During the q and a at the end of the panel, I did ask Carlin a question, about how she sources artists’ books around marginalized groups if the nature of their marginalization makes it difficult to obtain them. Her response was that she is wary of gaps in representation within the collections and reaching to community groups outside of the institution has helped this.
I spoke to Jane after the panel and she seemed interested in my research project and would like copies of the finished work. I have her details in my London sketchbook, safe for when I need them.
This then got me starting to think about the form of my work. I have been calling them zines, but I want to raise the production value. When do they stop being zines and become artists’ books? What am I actually creating? Part of knowing the answer to this is where I see my work after I have finished the degree.
Melanie Grant and Solomon Szekir-Papasavva: Art and Health: challenging the norm
Melanie and Solomon are from the Wellcome Collection, so was particularly interested in hearing from them as I have some of my work in their zine collections. They talked about how they have started to collect zines, with particular interest in perzines, as they want to represent live experiences of health within their archive, not just academic and medical voices. This is exactly what I want to achieve with my work.
They talked about how they are facing issues of copyright when cataloging work, particularly zines. They are looking for a more accessible way to negotiate with artists; they don’t want to get an artist to sign a document they wouldn’t understand. These are some of the ethical issues I am facing with the Invisible Letters project, as contributors want to be attributed in different ways, but I only have 15 people to negotiate with, so it is manageable for me.
Laura Elliot and Jess Mockridge: relationship between independent publishing and the art library
Laura and Jessa run two publications: paratext and PaperWork. I was really interested in how paratext works, is printed and distributed.
Paratext is a conceptual format for poetry, unbound and stored in archival envelopes. There is also a website for paratext, which provides a space to translate into different mediums. The magazine has a collaborative dynamic, creating a community in print. Both publications feel a responsibility to present content fully authentically, addressing under represented groups and introducing editing as an art practice, working closely with artists in the editorial process.
Kirsty Fife: Ethical implications of archiving self-publishing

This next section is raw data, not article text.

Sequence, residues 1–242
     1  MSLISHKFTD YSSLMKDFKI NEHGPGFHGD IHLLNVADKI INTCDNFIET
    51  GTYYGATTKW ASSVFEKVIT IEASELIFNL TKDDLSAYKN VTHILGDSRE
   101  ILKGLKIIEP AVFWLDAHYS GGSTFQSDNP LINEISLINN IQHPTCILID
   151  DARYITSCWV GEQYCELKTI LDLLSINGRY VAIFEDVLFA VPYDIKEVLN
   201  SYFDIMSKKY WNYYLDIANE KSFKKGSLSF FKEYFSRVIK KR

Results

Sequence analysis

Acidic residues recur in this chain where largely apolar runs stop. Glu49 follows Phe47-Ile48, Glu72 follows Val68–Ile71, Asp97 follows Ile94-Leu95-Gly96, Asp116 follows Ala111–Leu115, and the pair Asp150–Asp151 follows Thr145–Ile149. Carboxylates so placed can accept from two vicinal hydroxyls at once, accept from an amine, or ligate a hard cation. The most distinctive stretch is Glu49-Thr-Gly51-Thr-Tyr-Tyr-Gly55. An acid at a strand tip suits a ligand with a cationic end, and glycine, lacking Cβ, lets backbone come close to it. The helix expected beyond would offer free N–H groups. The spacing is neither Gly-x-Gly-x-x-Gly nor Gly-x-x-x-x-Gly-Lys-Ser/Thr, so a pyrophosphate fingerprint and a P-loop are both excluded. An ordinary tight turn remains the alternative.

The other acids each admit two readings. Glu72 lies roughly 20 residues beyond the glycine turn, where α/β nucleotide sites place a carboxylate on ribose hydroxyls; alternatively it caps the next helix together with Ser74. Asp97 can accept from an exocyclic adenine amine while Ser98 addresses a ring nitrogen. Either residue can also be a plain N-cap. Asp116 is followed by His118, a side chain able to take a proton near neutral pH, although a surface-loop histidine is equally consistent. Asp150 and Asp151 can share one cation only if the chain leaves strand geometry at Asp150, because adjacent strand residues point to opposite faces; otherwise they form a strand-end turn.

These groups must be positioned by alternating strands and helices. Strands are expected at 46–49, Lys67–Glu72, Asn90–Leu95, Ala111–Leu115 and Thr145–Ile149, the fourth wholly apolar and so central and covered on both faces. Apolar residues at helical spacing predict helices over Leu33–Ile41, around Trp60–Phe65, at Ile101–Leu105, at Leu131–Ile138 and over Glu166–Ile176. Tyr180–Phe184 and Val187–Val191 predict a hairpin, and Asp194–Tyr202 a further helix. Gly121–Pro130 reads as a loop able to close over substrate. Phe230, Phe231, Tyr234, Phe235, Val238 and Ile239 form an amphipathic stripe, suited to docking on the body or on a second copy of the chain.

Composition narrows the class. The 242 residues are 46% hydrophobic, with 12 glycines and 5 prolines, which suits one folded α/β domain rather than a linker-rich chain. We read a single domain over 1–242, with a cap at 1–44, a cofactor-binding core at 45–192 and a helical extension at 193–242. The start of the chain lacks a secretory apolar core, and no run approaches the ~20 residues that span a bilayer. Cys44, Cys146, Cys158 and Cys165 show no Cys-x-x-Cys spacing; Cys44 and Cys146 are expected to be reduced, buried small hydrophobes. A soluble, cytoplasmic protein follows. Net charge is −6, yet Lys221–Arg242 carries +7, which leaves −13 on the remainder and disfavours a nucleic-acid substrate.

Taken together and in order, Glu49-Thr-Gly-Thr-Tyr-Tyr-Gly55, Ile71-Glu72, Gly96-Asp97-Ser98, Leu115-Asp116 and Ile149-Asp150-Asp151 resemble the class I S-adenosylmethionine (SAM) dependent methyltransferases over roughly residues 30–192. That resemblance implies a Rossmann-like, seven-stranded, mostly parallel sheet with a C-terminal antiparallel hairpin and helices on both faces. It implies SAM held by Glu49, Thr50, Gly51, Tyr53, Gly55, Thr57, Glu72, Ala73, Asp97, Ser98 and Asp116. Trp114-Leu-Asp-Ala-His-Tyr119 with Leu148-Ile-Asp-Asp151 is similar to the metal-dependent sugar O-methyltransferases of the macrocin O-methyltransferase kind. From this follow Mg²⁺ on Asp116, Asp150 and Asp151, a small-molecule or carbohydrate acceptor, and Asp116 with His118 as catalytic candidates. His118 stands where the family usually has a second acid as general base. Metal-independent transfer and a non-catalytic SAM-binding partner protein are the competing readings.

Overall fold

Kirsty Fife is an archivist, zine maker and activist. She has experience of zines being archived without consent, using tags that could be deemed offensive to the creator. This is where ethical issues come into play again, having a dialogue with the creator about how the want to be represented.
During the q and a, I asked all 5 speakers from the panel how they distinguish artists’ books from zines, from a library cataloging context, as this is something I am struggling with defining myself. Their response emphasised the importance of back and forth relationship with the creator and the collector, building a dialogue and ensuring appropriate terms are used as not to offend the creator/ user.
There was also distinction between methods of making and production value in terms of defining artists’ books from zines. Kirsty said that zines have an “anti-professional” quality, using simple techniques and materials. Also, the form of the material is dependent on how it is circulated; are they being sold at zine fairs or book fairs? It seemed that there were no clear distinctions, but leaving it to the creator to define what they see their work as.
Johanna Drucker: The special case of artists’ books
The last keynote of the conference was with Johanna Drucker. I was particularly interested in this talk and got some great notes for research.
Her talk largely dealt with value vs values. Production values can be seductive. A well made and out together book can be enticing, but what is the idea, argument or premise behind the work? There was emphasis on how artists’ books should make us rethink our understanding of life experiences and still be useful now; what more can we get from it at a second look? This felt interesting to me as this is what I’m trying to achieve with my books. I want to be able to give a new perspective on what is invisible, what is unintentionally marginalised. I have since started to read some of Johanna Drucker’s books she has written on artists’ books which will more than likely feed into my research.
Overall, the experience of the conference was really interesting. Not only did I learn a lot and make some really useful contacts, I got the chance to see people present their work outside of a university institution, and was interesting to see how people presented. Some were more dynamic and audience engaging. A few weren’t natural presenters, so found it hard in places to take in what they were presenting. This is useful for future presentations, especially with my last one for the degree coming up soon.